Dick Harmon: JC corner had met expectations early at BYU

Published: Monday, March 4 2013 6:55 p.m. MST

Trent Trammel had developed into a pleasant surprise for the Cougars before suffering a knee injury on the first day of spring camp.

Photo provided by the Trammel family.

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PROVO —How do you replace Preston Hadley and what will post-Ziggy life be for BYU’s defense?

Those questions began to receive more attention Monday as Bronco Mendenhall opened spring football practice. Tragically, during the first practice session Monday, a prime candidate to replace Hadley got injured: Newcomer Trent Trammell.

On one of BYU’s best defenses ever, Hadley was the best cover corner for the Cougars in 2012. It's a program that hasn’t always fielded guys who could man that position with agility, speed and the required acumen.

But Hadley did it. And did it well.

This spring, BYU secondary coach Nick Howell will once again turn to the junior college ranks for a possible answer to that boundary corner position. Hadley came to BYU from Snow College. Trammell is a corner who enrolled at BYU in January and Monday, he was on his way to making an impact.

Trammell hurt his knee Monday and he was in tears on the sideline after a long examination of his left leg by medical personnel. BYU officials said Trammell will undergo tests on his knee Tuesday to determine the extent of his injury.

To say this injury is a set back would be an understatement. BYU needs an impact guy in Hadley's absence.

“He’s impressed me,” said Howell of Trammell and his work the past two months. “He came to school in great shape. He’s a hard-nosed kid and has not shied away in the hardest offseason I’ve seen here.”

One of the first things Mendenhall looks for in athletes in his program is how they adjust and perform in the offseason. It reveals how they’ll deal with the rest of challenges that beset players during their careers.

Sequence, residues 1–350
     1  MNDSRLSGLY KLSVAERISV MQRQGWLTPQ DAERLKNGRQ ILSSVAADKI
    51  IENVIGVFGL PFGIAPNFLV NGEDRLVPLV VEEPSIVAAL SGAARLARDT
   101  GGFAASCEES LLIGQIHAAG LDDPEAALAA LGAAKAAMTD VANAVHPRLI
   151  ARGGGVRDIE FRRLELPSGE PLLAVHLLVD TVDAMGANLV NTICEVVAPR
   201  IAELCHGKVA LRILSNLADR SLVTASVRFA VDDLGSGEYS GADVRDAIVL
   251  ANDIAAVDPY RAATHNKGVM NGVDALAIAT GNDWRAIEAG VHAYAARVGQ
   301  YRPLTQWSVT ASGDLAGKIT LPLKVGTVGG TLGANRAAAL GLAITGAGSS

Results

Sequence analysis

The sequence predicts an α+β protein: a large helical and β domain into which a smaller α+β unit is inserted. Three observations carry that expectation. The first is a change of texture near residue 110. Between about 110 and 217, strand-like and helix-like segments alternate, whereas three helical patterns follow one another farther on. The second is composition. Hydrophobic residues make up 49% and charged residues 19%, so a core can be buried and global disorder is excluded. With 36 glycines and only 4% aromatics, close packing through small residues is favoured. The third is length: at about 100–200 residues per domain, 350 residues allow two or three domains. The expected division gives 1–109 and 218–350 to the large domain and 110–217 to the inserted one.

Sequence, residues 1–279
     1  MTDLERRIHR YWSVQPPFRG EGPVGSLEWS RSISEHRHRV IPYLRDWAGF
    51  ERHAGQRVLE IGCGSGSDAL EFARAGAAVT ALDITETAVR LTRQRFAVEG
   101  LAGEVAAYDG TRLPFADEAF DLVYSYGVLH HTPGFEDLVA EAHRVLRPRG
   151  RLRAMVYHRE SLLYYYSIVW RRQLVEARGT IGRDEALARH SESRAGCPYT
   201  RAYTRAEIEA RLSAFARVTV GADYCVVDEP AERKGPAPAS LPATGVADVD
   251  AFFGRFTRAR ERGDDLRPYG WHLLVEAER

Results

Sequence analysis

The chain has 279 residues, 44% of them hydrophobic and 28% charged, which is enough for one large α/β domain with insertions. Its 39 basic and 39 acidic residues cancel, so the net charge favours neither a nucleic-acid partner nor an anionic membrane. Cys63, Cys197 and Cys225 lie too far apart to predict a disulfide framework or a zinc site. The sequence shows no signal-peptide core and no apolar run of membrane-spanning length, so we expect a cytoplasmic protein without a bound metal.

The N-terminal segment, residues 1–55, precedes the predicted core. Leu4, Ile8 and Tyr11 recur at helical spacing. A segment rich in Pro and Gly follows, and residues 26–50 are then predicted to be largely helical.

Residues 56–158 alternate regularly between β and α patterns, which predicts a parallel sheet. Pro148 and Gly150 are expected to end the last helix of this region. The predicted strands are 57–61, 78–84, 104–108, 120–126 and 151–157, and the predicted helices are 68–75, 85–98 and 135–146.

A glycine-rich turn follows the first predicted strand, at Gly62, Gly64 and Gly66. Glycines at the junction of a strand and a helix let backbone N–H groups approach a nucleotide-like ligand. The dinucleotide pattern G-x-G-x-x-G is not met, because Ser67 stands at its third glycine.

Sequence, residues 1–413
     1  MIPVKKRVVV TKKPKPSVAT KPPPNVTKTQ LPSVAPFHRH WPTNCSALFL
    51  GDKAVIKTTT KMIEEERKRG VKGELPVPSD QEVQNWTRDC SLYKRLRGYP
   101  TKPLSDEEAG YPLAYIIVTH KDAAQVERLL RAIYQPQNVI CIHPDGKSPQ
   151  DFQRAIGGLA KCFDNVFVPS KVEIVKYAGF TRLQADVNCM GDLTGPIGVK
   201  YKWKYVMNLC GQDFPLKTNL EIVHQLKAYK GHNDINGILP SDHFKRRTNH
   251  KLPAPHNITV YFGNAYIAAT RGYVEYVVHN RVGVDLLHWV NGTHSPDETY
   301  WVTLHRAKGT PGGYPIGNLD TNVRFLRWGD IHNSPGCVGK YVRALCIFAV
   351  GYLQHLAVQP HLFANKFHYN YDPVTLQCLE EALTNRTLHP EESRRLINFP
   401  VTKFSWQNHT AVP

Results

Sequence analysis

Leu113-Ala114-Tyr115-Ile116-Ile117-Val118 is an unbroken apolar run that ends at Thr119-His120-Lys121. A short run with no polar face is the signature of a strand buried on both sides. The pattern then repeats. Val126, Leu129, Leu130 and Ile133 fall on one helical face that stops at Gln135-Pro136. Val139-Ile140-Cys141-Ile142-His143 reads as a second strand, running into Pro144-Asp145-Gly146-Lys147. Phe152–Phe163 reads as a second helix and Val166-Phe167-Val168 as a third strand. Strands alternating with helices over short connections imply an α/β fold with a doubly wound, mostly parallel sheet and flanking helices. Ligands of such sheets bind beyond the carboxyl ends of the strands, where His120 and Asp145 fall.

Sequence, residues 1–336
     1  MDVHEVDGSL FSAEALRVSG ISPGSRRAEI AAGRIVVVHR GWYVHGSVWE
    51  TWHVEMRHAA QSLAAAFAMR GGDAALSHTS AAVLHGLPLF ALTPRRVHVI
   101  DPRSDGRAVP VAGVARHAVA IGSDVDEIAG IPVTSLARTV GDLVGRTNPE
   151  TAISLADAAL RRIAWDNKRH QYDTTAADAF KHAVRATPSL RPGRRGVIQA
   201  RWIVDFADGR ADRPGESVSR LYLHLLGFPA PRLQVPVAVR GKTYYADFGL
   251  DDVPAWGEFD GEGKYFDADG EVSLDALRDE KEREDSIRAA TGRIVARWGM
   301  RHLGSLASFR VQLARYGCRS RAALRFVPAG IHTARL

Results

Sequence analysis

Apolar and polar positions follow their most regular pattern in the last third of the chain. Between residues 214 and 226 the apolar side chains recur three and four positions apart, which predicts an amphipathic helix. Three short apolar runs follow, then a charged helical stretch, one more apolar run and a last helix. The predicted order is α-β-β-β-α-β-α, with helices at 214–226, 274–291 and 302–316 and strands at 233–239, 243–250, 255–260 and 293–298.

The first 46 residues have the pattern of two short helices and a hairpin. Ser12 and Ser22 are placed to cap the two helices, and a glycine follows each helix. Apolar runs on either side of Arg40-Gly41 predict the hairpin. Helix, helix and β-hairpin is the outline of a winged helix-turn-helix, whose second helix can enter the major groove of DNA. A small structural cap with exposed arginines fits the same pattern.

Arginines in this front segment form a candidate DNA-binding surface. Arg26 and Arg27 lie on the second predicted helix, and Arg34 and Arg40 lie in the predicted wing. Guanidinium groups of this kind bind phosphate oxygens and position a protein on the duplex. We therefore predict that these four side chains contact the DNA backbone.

So, in philosophical terms before Monday, Trammell fit the Mendenhall ideal.

“The work capacity that they’ve had to endure here is huge and you wonder how a JC guy, just coming in, is going to handle it, being exposed to how hard they are going to have to work. He has definitely met expectations as far as I’ve been concerned,” said Howell over the weekend.

Howell said Trammell, who is 5-foot-11 and 185 pounds, had showed abilities they recruited him for.

The early assessment before Monday? “He’s got good change of direction. He has closing speed, and I’m excited about him, and there are other guys who are going to compete for Preston’s spot. It’s a matter of getting the right combination of guys out there, but so far I’ve been impressed with what I’ve seen of him.”

Other candidates to replace Hadley include Cameron Comer, Skye PoVey and a College of the Canyon's defensive back Sam Lee, who should be available in the fall.

That’s not the only issue on defense this spring. Finding replacements for inside linebackers Brandon Ogletree and Uona Kaveinga will be big, plus finding a noseguard to step in for Romney Fuga will be a challenge, although the return of Eathyn Manumaleuna will make that easier.

A very noticeable void will be filling in for now famous NFL Combine and Senior Bowl media darling Ziggy Ansah. His story seems to find more fuel every day. The latest Ziggy news over the weekend from his agent is the 6-foot-6, 272-pound native of Ghana posted such impressive numbers, including a 4.63 forty, without having any specialized combine training because he wanted to stay in classes at BYU.

BYU may fill some of Ansah’s media attractiveness with star linebacker Kyle Van Noy, a national honors candidate in 2013. Van Noy will also produce athletically as evidenced in his game-saving antics in the Poinsettia Bowl.

But how will the Cougars find a pass rusher with the skills of Ansah for Mendenhall’s defense?

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